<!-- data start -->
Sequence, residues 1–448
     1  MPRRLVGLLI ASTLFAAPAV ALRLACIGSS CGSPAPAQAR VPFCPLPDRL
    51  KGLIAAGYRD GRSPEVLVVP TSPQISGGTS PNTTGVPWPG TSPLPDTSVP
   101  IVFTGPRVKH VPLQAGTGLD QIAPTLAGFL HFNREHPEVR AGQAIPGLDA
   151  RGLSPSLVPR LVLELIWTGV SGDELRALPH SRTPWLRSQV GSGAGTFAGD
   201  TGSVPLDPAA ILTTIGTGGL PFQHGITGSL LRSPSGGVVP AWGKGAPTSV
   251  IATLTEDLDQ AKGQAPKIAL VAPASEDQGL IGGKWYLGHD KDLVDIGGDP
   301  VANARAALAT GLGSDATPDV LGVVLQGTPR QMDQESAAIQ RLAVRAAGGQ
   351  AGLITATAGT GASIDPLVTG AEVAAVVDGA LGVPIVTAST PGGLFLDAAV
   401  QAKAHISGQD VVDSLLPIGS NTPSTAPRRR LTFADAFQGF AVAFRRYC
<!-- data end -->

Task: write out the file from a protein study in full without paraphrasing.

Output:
Sequence, residues 1–448
     1  MPRRLVGLLI ASTLFAAPAV ALRLACIGSS CGSPAPAQAR VPFCPLPDRL
    51  KGLIAAGYRD GRSPEVLVVP TSPQISGGTS PNTTGVPWPG TSPLPDTSVP
   101  IVFTGPRVKH VPLQAGTGLD QIAPTLAGFL HFNREHPEVR AGQAIPGLDA
   151  RGLSPSLVPR LVLELIWTGV SGDELRALPH SRTPWLRSQV GSGAGTFAGD
   201  TGSVPLDPAA ILTTIGTGGL PFQHGITGSL LRSPSGGVVP AWGKGAPTSV
   251  IATLTEDLDQ AKGQAPKIAL VAPASEDQGL IGGKWYLGHD KDLVDIGGDP
   301  VANARAALAT GLGSDATPDV LGVVLQGTPR QMDQESAAIQ RLAVRAAGGQ
   351  AGLITATAGT GASIDPLVTG AEVAAVVDGA LGVPIVTAST PGGLFLDAAV
   401  QAKAHISGQD VVDSLLPIGS NTPSTAPRRR LTFADAFQGF AVAFRRYC